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It will be on display at the Frankfurt Motor Show

Nissan took a big leap today as it became the first automaker to develop a smartwatch that couples with its vehicles.

Nissan introduced its Nismo Concept Watch today ahead of its big reveal at the Frankfurt Motor Show. The smartwatch was made to be worn while driving Nissan Nismo cars.

The wearable has the ability to access vehicle telematics and performance data, capture biometric data via a heart rate monitor, receive tailored car messages from Nissan, connect to the car using a smartphone app via Bluetooth Low Energy and monitor the efficiency of their vehicle with average speed and fuel consumption readings. 

“Wearable technology is fast becoming the next big thing and we want to take advantage of this innovative technology to make our Nismo Brand more accessible," said Gareth Dunsmore, Marketing Communications General Manager, Nissan in Europe. "On track, Nissan uses the latest biometric training technologies to improve the performance of our Nissan Nismo Athletes and it is this technology we want to bring to our fans to enhance their driving experience and Nismo ownership.” 


The smartwatch is just a concept for now, and Nissan plans to add to it over time. The automaker wants it to have additional capabilities like Electroencephalogram (EEG) Brainwave reading to monitor the drivers’ levels of concentration and emotions; Electrocardiogram (ECG) readings to measure the intervals of the R-R rhythm of the heart, and identify early fatigue, and skin temperature readings to record core body temperature and hydration levels. 

Of course, Nissan wants to add social aspects to the smartwatch so that data can be shared on Facebook, Twitter Instagram and Pinterest via Nissan’s Social Speed software. 

This means that users will be able to wear the watch in other instances rather than just driving. Athletes can use the vital readings for training, for example. 

The Nismo Watch will use a lithium battery and will be charged by micro-USB. It will have a battery life of over seven days (under normal usage conditions). 

It's unclear when Nissan's smartwatch will hit the market, but it was a good move on Nissan's part, since wearable gadgets are the next big thing in tech. Apple, Microsoft and other major tech giants are still currently working on their wearable device releases.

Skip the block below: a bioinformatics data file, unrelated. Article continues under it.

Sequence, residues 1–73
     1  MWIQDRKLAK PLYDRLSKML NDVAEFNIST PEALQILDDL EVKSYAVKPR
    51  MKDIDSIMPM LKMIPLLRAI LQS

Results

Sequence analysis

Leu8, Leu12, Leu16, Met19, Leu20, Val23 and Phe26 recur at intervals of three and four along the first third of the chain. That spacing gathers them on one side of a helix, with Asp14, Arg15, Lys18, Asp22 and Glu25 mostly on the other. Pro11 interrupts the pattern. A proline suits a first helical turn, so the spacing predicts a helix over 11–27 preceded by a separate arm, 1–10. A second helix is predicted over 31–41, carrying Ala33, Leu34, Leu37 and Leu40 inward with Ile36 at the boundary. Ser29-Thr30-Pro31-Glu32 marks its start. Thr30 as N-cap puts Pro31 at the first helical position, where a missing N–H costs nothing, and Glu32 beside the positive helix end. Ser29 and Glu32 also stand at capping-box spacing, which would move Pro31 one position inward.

Just last week, Samsung unveiled its $299 Galaxy Gear smartwatch featuring a tiny 1.63-inch AMOLED display with a resolution of 320x320, features 4GB of internal storage, 800MHz processor, and 512MB of RAM. 

Source: multivu



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What's the value add exactly?
By MichalT on 9/9/2013 7:46:25 PM , Rating: 2
Meh. If I need the data while driving, it should be up on the dash or a heads up display. If its for after the track, then it should connect to my smart phone and put it there. Don't see what value add a watch brings to the table.




By bigboxes on 9/9/2013 8:35:11 PM , Rating: 2
Agreed. Unneeded fashion accessory.


RE: What's the value add exactly?
By wind79 on 9/9/2013 10:19:10 PM , Rating: 2
Readings are done on the watch, but the live feeds can be displayed through the in car HUD? It can alert the driver if driver has been driving a long distance and feels dehydrated or tired. There can be many use case in the future and the technology is just a concept at this point so we shouldn't just brush it off.


By Azethoth on 9/9/2013 11:51:40 PM , Rating: 5
Omg are u cereal? The value add is that when the actor runs to the car with the baddies close behind the watch opens the car and she gets in and drives away instead of dropping her keys and getting in trouble.

This reduces anxiety for the audience, resulting in a large net increase in life expectancy.

The government needs to mandate these tomorrow!


"What would I do? I'd shut it down and give the money back to the shareholders." -- Michael Dell, after being asked what to do with Apple Computer in 1997














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